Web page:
NCPA - National Center for Policy Analysis

Private Pensions, Public Guarantees

June 25, 2003

The Pension Benefit Guaranty Corp. (PBGC) is another one of those quasi-government agencies with an implicit claim on tax dollars. The PBGC insures the defined benefit pensions of 44 million people. It is bleeding red ink, although its declining finances have not reached a crisis, according to the Wall Street Journal.

The PBGC is funded by premiums paid by covered companies and is supposed to ensure that workers will receive benefits from their pension plan if their employer goes bankrupt.

Pension liabilities are long-term and fixed, but pension plans are heavily invested in stocks, which are volatile in the short run. As a result:

  • Where the PBGC had a surplus of $7.7 billion one year ago, today its deficit is $5.4 billion.
  • Companies have been either opting out of the system or have decided not to start defined-benefit pensions (opting instead for 401(k)s and other defined-contribution plans).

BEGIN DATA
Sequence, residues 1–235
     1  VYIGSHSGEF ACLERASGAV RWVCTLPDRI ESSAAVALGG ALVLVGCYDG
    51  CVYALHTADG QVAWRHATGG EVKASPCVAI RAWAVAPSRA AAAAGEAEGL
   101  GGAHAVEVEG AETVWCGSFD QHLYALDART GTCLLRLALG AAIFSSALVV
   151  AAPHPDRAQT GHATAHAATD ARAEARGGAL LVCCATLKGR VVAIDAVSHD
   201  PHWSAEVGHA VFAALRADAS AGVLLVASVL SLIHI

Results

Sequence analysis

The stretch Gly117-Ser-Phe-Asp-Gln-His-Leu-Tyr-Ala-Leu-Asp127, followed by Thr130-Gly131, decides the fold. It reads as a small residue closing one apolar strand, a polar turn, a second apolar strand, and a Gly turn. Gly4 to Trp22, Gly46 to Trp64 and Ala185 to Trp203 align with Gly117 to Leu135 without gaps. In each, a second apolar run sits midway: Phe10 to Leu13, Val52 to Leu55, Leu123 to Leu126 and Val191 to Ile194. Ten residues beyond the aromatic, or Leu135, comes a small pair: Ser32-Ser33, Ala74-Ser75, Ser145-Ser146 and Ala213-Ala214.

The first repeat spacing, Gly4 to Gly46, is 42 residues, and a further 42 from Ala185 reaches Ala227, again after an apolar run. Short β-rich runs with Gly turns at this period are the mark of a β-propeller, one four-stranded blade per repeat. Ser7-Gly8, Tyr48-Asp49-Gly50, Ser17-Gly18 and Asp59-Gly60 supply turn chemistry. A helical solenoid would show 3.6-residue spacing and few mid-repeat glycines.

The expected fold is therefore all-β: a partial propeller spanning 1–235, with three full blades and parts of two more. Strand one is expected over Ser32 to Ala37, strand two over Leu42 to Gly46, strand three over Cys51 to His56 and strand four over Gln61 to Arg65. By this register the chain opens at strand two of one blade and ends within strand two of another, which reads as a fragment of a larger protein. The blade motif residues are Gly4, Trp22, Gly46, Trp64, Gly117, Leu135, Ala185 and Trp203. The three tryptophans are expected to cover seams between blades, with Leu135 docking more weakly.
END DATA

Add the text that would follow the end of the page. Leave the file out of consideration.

• The underfunded pensions of bankrupt steel, airline and retail companies have ended up with the PBGC, increasing its liabilities -- but its income from insurance premiums declined last year to the lowest since 1991.
  • Total company underfunding of pension plans is now more than $300 billion.

The PBGC is an example of "moral hazard." In insuring private pension plans, the agency is writing an implied taxpayer guarantee. Benefits of insured plans can be increased as long as a plan is at least 60 percent funded. Troubled companies increase pension benefits instead of wages because the cost of a wage increase is immediate, while the cost of benefits can be deferred for 30 years and ultimately passed on to the PBGC.

Thus, if healthy companies leave the PBGC, and it is left with only bankrupt pension plans, taxpayers will end up footing the bill.

Source: Editorial, "A Pension 'Guaranty,'" Wall Street Journal, June 25, 2003.

For WSJ text (requires subscription),,SB105650038150991900,00.html


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